• Understand the new layout. Be sure of the new location’s dimensions ahead of time so you know exactly what will fit where. You don’t want to have to make tough decisions once you arrive. If your loved one likes design projects, encourage them to plan out the home in advance for a smoother transition.
  • Enjoy new opportunities. Perhaps this is the time for a new TV or that brightly colored accent wall your loved one has always wanted. Some positive updates can make a new space exciting.

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6. Talk about the benefits of your loved one’s new home

When someone has lived in one place for 30 or more years, it’s easy for them to dwell on the things they’ll leave behind. To help loved ones move forward, remind them of new opportunities that will come from their transition.

  • Focus on positives of the new living situation. If your loved one is moving to assisted living, emphasize that they can relax knowing most chores, like laundry, will be taken care of for them. Or, if your art-loving mom is moving to a new town, see if a local senior center offers painting classes or if a museum is looking for volunteer docents.
  • Re-create routines. If your parents regularly attend worship services, help them in advance to select a congregation to welcome them.
  • Find things that make them happy. If your loved one is moving into an assisted living community, go online to find activity calendars and point out amenities they’ll enjoy.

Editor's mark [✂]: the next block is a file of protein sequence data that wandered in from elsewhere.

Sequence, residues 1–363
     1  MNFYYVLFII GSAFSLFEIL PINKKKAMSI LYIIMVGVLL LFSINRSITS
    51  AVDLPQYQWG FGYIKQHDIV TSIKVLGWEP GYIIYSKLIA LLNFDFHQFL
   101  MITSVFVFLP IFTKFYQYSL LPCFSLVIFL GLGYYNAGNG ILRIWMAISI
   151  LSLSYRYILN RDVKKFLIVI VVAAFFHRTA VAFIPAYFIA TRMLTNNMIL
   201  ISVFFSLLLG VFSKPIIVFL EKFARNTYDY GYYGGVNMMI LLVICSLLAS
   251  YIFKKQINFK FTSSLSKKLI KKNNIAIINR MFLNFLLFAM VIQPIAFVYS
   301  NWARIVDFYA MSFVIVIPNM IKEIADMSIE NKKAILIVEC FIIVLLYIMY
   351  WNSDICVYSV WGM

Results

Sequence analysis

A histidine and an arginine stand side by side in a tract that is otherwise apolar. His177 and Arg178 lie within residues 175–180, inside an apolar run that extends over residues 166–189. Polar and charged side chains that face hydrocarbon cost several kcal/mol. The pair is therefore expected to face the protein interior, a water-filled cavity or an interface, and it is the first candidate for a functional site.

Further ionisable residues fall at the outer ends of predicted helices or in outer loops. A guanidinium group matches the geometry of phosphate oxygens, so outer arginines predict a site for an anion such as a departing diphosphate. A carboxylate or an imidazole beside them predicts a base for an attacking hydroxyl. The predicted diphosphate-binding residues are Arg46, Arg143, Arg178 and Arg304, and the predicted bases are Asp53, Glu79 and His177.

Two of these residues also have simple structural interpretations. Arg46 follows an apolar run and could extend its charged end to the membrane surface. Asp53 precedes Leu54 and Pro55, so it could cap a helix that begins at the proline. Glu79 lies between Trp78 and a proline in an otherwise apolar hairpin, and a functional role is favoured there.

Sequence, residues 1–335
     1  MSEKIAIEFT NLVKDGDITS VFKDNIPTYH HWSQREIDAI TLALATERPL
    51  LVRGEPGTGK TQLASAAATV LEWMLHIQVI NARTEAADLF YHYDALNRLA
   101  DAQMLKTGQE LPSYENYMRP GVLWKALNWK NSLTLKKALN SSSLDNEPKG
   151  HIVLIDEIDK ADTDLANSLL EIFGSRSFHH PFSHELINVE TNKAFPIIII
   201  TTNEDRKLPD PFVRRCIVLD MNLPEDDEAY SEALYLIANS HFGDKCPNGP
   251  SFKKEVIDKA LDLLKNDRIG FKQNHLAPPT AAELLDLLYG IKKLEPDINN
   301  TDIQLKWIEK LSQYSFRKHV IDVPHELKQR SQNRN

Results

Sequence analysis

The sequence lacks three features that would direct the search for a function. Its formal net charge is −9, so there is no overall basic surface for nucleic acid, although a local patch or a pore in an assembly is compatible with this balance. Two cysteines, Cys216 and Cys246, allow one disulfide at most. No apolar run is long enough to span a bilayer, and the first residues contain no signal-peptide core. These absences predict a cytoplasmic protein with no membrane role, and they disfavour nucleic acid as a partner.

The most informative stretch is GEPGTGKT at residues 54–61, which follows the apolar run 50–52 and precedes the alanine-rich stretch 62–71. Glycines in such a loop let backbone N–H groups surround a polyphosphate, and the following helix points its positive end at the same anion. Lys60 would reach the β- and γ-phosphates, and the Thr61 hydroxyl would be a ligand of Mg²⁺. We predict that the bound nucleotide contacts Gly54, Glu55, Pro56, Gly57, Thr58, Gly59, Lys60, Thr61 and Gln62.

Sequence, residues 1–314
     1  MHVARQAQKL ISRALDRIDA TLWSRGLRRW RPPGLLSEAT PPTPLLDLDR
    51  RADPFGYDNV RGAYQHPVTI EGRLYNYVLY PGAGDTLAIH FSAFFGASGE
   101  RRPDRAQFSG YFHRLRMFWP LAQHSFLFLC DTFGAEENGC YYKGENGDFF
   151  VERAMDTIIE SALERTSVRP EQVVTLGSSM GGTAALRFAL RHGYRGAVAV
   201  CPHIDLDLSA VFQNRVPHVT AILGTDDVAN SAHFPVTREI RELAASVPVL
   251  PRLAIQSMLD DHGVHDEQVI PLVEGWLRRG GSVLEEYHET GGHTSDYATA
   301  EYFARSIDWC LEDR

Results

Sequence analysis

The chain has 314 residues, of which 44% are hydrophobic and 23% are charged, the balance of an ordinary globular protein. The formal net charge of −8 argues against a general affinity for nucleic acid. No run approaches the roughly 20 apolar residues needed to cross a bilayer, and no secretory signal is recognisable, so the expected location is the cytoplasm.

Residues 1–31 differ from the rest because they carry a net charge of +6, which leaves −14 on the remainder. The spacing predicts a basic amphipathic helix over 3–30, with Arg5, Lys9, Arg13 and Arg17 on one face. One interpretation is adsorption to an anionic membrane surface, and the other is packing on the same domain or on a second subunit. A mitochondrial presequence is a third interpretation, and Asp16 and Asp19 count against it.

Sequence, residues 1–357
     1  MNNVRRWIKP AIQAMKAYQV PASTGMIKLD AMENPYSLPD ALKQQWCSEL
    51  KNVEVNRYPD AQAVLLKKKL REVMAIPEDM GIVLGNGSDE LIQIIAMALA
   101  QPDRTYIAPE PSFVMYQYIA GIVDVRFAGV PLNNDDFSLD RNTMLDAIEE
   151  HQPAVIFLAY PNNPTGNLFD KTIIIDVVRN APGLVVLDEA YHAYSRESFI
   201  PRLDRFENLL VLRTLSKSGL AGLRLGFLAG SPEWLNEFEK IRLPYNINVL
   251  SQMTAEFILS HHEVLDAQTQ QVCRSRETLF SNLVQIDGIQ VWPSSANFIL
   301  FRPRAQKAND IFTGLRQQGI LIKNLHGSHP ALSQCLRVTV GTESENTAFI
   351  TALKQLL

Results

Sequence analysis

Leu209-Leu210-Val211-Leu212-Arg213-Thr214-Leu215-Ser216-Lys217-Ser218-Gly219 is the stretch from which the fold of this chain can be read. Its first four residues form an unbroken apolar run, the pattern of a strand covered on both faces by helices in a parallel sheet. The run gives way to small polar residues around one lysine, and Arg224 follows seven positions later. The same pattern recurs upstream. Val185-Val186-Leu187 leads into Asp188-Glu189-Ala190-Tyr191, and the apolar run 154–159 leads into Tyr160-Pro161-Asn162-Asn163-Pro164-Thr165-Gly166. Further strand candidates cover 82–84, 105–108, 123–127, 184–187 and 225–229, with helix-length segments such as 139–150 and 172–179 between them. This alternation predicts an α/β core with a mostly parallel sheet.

Moving the elderly is a daunting endeavor. Not only are emotions highly charged, but the complicated logistics of deciding how and when to conduct the move to senior living can add even more pressure to an already difficult experience. However, with these tips, your transition can go much more smoothly. Remember to reach out to your family and support network or even your Senior Living Advisor for encouragement.


National Association of Senior Move Managers



Meet the Author
Claire Samuels

Claire Samuels is a former senior copywriter at A Place for Mom, where she helped guide families through the dementia and memory care journey. Before transitioning to writing, she gained industry insight as an account executive for senior living communities across the Midwest. She holds a degree from Davidson College.

The information contained on this page is for informational purposes only and is not intended to constitute medical, legal or financial advice or create a professional relationship between A Place for Mom and the reader. Always seek the advice of your health care provider, attorney or financial advisor with respect to any particular matter, and do not act or refrain from acting on the basis of anything you have read on this site. Links to third-party websites are only for the convenience of the reader; A Place for Mom does not endorse the contents of the third-party sites.